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Posts tagged ‘Twitter’

Smarter(8): A list for journalism students

Callie Schweitzer: How David O. Russell Made Me a Journalist. Matthew Mullenweg: The Intrinsic Value of Blogging. Steve Buttry: You don’t tip competitors on Twitter; you beat them.

Twitter milestone: 8,000 followers

Yesterday my Twitter odometer rolled over, as follower No. 8,000 appeared. My Twitter handle is @macloo. I use Twitter mainly as a news feed. I don’t follow friends from my personal life (unless they are in journalism), and for the most part, I don’t tweet personal things. I use Hootsuite as my Twitter client both […]

People see value in curation

I think it’s very cool that 1,126 people visited this blog yesterday. The number of retweets on the link to my post about social media tools for journalists really drove the traffic. What’s even more encouraging is that a lot of links in my post were clicked. That’s wonderful, because it takes a long time […]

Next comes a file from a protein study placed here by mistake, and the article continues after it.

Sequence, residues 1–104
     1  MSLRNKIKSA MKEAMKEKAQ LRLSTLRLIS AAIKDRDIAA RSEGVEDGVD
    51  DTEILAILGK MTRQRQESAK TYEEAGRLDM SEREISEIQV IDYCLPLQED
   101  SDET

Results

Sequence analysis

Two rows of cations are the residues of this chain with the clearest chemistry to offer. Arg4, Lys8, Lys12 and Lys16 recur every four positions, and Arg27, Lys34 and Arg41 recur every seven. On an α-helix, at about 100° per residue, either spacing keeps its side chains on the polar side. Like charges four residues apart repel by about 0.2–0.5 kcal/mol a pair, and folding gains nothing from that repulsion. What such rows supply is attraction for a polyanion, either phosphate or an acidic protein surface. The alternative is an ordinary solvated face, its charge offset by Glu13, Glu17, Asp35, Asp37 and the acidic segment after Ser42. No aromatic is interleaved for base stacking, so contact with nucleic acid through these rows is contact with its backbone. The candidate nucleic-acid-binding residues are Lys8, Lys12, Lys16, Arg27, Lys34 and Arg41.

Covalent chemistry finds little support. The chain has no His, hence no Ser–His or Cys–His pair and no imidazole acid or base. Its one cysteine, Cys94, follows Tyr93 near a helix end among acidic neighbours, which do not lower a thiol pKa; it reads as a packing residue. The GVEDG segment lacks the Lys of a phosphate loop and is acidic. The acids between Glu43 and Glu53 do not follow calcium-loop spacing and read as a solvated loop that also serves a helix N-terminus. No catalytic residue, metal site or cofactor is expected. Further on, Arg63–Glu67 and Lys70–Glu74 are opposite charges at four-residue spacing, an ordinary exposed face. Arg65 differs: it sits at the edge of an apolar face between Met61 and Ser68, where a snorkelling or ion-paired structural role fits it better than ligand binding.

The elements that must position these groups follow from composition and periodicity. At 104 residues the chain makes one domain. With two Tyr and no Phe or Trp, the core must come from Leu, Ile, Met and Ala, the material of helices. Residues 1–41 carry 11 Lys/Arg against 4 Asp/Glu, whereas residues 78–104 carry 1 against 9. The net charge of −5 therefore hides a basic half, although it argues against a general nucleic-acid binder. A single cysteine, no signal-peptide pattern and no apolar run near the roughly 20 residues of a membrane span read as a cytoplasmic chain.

5,000 followers on Twitter

Sure, I’m no Andy Carvin (NPR’s social media guy), but I do feel a little thrill when the zeros turn over. The screen capture above is from yesterday, July 31, 2011. See my recent posts about Twitter and journalism.  

Journalists: How to get started with Twitter

If you haven’t yet found any value in using Twitter, here’s what you should consider. On the topic of WHY to get started, John Robinson (the editor of the News & Record, in Greensboro, North Carolina) wrote a very good piece for ASNE this week. If you’re not on Twitter, you’re making your job more difficult. […]

Social media guidelines for journalists

For the generation that came of age on Facebook, you might think there’s nothing they don’t already know about social media. Think again. Traditional ethics rules still apply online. Assume everything you write online will become public. Use social media to engage with readers, but professionally. Break news on your website, not on Twitter. Beware […]

Teaching Twitter to students

This semester I took a course I have been teaching for 10 years and moved it to a WordPress.com blog. The students and I still meet in person once a week to discuss ideas, but otherwise, everything is on the blog. Each student was required to start his or her own WordPress.com blog, and all […]